How Rest Deprivation Causes Failure

When rest does not happen, we begin to fail. If our emotions don’t give us away, our bodies surely will. Author Oscar Wilde relates; “By the age of forty everyone has the face they deserve” (Willard and Frazee, 21). Eventually, if we do not take time for restoration, our bodies (including the skin on our faces) and minds begin to break down – disease, depression, degeneration, etc., takes its toll. According to some of the latest research on the deprivation of rest, this can culminate in quality of life issues (such as our sense of ‘happiness’) (“Sleep Problems,” msnbc.com) or even life threatening conditions such as diabetes, high blood pressure, obesity, and heart disease (Stickgold et al, 1). However, the real casualty is our otherwise reputable performance as leaders.  New research on sleep and rest has determined that inadequate amounts of rest adversely impact our creativity and problem solving abilities (“Study Confirms,” cnn.com), as well as our relationships, productivity, and alertness (“You Will,” msnbc.com). In fact, one study indicated that those with adequate rest were three times as productive as those without adequate rest (“Sleep Problems,” cnn.com). As leaders, our competence casts a large shadow.  We place our families and our entire organization at risk when our decision-making skills and problem solving skills are retarded by a lack of restoration. When neglecting our need for rest, we may be able to fool ourselves, however, in the end this need will not be cheated and the resulting fallout will humble even the most gifted of leaders.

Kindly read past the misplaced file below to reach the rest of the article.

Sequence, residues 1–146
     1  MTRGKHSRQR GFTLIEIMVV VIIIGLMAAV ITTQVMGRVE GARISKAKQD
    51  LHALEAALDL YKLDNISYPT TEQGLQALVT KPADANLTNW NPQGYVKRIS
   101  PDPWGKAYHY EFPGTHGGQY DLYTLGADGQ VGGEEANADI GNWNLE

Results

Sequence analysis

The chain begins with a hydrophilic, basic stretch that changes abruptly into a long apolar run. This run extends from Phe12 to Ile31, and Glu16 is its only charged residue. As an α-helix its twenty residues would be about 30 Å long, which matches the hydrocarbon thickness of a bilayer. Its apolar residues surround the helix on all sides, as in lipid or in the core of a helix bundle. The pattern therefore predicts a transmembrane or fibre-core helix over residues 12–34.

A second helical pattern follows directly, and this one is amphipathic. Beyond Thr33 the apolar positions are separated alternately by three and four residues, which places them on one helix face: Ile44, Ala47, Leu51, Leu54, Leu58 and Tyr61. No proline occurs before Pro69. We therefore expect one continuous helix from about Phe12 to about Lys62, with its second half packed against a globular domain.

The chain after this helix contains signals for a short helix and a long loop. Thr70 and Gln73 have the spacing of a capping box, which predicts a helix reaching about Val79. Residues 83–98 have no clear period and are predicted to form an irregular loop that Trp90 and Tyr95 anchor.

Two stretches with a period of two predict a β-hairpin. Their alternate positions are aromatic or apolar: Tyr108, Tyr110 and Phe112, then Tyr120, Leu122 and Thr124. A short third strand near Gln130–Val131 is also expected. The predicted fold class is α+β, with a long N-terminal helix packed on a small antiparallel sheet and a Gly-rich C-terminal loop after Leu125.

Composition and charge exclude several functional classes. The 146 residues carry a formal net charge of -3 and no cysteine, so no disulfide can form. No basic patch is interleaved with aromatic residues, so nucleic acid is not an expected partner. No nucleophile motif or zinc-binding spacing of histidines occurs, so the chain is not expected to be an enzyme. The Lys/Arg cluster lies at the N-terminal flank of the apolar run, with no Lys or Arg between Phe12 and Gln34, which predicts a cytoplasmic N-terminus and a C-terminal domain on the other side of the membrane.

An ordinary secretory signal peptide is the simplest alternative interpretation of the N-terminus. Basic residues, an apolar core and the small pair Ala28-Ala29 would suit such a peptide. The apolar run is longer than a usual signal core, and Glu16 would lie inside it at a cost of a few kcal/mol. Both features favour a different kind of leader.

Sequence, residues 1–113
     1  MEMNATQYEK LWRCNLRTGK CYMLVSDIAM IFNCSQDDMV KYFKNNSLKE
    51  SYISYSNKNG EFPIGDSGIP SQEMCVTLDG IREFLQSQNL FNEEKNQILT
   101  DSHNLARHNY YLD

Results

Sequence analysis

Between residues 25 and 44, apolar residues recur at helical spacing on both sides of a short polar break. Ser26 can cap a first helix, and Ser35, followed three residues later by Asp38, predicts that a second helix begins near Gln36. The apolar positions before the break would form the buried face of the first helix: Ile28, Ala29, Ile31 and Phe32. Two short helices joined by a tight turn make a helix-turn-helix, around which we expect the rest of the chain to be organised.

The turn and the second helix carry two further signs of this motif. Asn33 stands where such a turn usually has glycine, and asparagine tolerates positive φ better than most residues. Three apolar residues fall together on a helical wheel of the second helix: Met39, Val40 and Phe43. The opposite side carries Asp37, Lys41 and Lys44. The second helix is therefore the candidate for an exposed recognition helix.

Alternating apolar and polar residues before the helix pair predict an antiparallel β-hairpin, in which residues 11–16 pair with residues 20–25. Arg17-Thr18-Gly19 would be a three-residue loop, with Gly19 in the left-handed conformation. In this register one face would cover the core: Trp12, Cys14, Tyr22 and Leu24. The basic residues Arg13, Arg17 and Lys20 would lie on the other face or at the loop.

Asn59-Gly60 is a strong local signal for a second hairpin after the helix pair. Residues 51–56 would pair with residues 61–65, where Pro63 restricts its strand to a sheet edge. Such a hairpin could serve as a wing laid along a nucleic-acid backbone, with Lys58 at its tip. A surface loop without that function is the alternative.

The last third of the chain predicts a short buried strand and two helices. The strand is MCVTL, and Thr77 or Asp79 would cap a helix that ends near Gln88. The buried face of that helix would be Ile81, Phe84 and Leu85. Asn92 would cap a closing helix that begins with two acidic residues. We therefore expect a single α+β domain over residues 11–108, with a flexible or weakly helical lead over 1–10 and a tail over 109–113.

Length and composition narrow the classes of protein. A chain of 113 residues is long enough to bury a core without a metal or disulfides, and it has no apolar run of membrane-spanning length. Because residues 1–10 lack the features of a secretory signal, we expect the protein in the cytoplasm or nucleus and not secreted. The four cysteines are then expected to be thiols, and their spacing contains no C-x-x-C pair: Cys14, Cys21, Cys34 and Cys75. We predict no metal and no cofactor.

Rest & Burnout

The perpetual neglect of rest will culminate in burnout.  This is a process that will slowly and surely undermine the best leadership talents. The research and writing on burnout by Christina Maslach and Michael P. Leiter relates that the negative slide to burnout starts from a position of strength and success, rather than from one of weakness (25). They relate that the signs of burnout are typically that energy turns into exhaustion, involvement turns into cynicism, and efficacy turns into ineffectiveness. Eventually burnout leads to disengagement, ineffectiveness, and failure. 

Rest & Ethics